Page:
In a dramatic reversal on Friday, Susan G. Komen for the Cure announced it will continue funding breast exams at Planned Parenthood clinics, despite deciding earlier this week to cut off funding for the nation's leading family-planning and abortion provider.
"We want to apologize to the American public for recent decisions that cast doubt upon our commitment to our mission of saving women’s lives," Komen Founder and CEO Nancy Brinker said in a prepared statement released on the organization's blog.
"We have been distressed at the presumption that the changes made to our funding criteria were done for political reasons or to specifically penalize Planned Parenthood. They were not."
On Thursday, Brinker appeared on NBC News to defend the organization's controversial grant-making rule changes. She said existing contracts with Planned Parenthood would be honored. Friday's change of heart does not guarantee Planned Parenthood will receive future funding; it just means the organization meets the qualifications to apply.
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Komen officials announced the turnaround following a barrage of negative attention and an intense social media campaign over their decision to stop grants to Planned Parenthood. Planned Parenthood had alleged that Komen — which was founded in 1982 by Brinker, a former U.S. ambassador to Hungary under President George W. Bush, to honor her deceased sister — succumbed to rising political pressure.
Komen officials first said they had changed a funding rule that prohibited grants to organizations under federal investigation. (U.S. Rep. Cliff Stearns, R-Fla., has launched an inquiry into whether Planned Parenthood has spent taxpayer money on abortions, something that federal law prohibits.) Then Komen officials said they were halting the funding because Planned Parenthood clinics focused more on screenings than on actual mammograms, a message change that sparked additional outcry.
“The outpouring of support for women in need of lifesaving breast cancer screening this week has been astonishing and is a testament to our nation's compassion and sincerity," Planned Parenthood president Cecile Richards said in a prepared statement.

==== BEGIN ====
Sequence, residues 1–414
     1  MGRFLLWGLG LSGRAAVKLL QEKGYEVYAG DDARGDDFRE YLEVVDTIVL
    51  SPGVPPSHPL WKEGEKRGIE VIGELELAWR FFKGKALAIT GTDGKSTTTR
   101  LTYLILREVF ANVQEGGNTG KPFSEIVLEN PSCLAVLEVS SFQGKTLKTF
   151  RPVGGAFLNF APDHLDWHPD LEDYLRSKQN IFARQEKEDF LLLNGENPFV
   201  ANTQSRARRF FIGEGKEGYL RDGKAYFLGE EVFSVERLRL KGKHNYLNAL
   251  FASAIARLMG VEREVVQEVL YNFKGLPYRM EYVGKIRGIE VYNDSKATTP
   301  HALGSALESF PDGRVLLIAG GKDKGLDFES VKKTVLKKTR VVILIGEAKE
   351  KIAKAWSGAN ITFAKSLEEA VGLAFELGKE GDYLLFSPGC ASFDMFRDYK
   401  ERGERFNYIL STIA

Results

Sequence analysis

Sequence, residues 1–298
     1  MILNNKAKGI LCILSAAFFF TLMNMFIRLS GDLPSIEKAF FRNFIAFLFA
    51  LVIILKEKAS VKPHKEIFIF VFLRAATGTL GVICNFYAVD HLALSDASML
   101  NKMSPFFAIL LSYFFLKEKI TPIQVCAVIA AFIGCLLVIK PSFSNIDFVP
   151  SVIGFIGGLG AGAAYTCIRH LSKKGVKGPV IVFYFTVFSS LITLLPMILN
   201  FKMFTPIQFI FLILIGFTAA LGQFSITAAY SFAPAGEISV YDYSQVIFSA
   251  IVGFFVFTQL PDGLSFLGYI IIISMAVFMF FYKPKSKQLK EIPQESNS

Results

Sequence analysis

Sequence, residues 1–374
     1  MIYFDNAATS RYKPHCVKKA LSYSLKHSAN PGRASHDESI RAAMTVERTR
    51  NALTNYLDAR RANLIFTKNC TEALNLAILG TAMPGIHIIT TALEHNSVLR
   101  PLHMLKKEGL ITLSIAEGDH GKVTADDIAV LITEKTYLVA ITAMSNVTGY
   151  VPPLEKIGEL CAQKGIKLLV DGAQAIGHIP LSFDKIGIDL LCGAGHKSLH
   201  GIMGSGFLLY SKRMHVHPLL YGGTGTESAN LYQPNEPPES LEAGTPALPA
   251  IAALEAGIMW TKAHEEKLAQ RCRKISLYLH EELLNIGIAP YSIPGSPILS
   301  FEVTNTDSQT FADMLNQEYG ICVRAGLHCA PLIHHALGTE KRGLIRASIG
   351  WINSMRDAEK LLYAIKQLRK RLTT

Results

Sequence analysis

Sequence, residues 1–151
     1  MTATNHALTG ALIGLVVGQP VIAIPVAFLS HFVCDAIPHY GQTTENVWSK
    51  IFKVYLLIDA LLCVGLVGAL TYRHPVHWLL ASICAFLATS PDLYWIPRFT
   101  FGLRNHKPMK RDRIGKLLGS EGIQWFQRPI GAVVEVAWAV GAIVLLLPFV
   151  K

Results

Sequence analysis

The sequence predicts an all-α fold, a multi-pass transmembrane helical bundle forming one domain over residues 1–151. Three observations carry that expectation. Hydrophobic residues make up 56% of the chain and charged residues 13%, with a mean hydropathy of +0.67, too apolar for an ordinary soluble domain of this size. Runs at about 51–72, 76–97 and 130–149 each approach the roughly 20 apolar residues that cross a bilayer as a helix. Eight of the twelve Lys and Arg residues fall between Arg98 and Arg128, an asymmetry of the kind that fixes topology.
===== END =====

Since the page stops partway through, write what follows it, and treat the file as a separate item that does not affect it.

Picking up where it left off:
"This compassionate outcry in support of those most in need rose above political, ideological and cultural divides, and will surely be recognized as one of our nation's better moments during a contentious political time."
Planned Parenthood officials say Komen grants have provided nearly 170,000 clinical breast exams and more than 6,400 mammogram referrals at their clinics over the last five years. Sarah Wheat, the interim co-CEO of Planned Parenthood of the Texas Capital Region, said her office was "tearing up" over the news. "This was just heartbreaking news this week, and to have them recognize we work best when we work together is just so rewarding," she said.
Here's Brinker's full statement:
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We want to apologize to the American public for recent decisions that cast doubt upon our commitment to our mission of saving women’s lives.
The events of this week have been deeply unsettling for our supporters, partners and friends and all of us at Susan G. Komen. We have been distressed at the presumption that the changes made to our funding criteria were done for political reasons or to specifically penalize Planned Parenthood. They were not.
Our original desire was to fulfill our fiduciary duty to our donors by not funding grant applications made by organizations under investigation. We will amend the criteria to make clear that disqualifying investigations must be criminal and conclusive in nature and not political. That is what is right and fair.
Our only goal for our granting process is to support women and families in the fight against breast cancer. Amending our criteria will ensure that politics has no place in our grant process. We will continue to fund existing grants, including those of Planned Parenthood, and preserve their eligibility to apply for future grants, while maintaining the ability of our affiliates to make funding decisions that meet the needs of their communities.
It is our hope and we believe it is time for everyone involved to pause, slow down and reflect on how grants can most effectively and directly be administered without controversies that hurt the cause of women. We urge everyone who has participated in this conversation across the country over the last few days to help us move past this issue. We do not want our mission marred or affected by politics – anyone’s politics.
Starting this afternoon, we will have calls with our network and key supporters to refocus our attention on our mission and get back to doing our work. We ask for the public’s understanding and patience as we gather our Komen affiliates from around the country to determine how to move forward in the best interests of the women and people we serve.
We extend our deepest thanks for the outpouring of support we have received from so many in the past few days and we sincerely hope that these changes will be welcomed by those who have expressed their concern.
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